In Sunburned GSP #964 (Puget sound), 2017, the violent path of the sun arcs across four panels. Over the course of the (up to) 24 hours long exposure, McCaw opens and closes the shutter, resulting in the stuttered line seared across the horizon leaving a metallic shimmer from the reaction of the silver paper surface. These works seem to ask what is more “real,” the scorched mark of the sun or what is “pictured” as the faint white outline of the Pugent sound? McCaw’s photographs deny the normal association of photography as illustrative of a specific place in a specific time. Rather, time is foregrounded as spatial, as duration imprinted across the panorama.
Walker and McCaw embrace chance and intuitive processes of making that reveal what Jane Bennett has called vibrant matter, the ability of the material to push back against the supposed controlling hand of the artist. This material agency is evident in the indeterminate chemical reactions of Harrison Walker’s prints and the burned trace of the sun in Chris McCaw’s photographs. In the case of McCaw especially, the environment and materials themselves play a decisive role – often thwarting the work completely as when extreme weather prevents adequate light or when the vintage papers fail to produce an image at all. Such emphasis on materiality and process refuses[r4] the speed of digital production and consumption so ubiquitous in the use of photography today, these works encourage slow and intimate looking. It is also a way of thinking about art by acknowledging the extended, often non-anthropogenic forces that also participate in art making.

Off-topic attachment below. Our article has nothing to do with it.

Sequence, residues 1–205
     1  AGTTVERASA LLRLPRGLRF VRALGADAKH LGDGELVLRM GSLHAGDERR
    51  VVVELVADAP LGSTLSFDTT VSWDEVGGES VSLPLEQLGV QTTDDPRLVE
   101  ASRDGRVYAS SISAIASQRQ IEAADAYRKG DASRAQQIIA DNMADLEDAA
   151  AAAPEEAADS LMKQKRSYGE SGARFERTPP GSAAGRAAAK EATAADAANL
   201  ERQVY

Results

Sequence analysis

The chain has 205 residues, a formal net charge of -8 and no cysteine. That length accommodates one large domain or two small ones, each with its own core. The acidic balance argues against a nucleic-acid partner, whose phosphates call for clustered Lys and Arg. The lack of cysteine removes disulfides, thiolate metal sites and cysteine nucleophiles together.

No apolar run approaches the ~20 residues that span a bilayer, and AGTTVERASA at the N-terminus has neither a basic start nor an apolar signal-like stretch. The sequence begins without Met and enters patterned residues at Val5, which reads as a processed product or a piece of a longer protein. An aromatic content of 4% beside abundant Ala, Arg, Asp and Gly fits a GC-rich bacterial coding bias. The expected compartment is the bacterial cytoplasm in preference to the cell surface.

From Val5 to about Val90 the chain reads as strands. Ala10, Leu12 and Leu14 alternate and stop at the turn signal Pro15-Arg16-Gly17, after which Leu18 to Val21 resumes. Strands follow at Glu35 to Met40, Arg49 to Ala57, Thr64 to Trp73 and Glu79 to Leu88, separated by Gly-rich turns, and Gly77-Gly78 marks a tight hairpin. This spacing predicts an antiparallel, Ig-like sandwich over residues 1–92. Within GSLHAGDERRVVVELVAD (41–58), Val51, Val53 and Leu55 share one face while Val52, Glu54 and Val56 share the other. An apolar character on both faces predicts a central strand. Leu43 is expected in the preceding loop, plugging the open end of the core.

The exhibitions take an even greater sense of urgency as Canon announced on May 30th that the company had discontinued its last film camera. In the face of the slow demise of analog photography underway since the digital turn in the 1990s, the two solo exhibitions at Candela Gallery by Harrison Walker and Chris McCaw show that analog’s history and possibility as an artistic medium are still far from obsolete.
 Jane Bennett, Vibrant Matter: A Political Ecology of Things, (Durham: Duke University Press, 2010).
Rachel Hutcheson is an art historian with a focus on photography and new media art. She is currently a PhD student at Columbia University.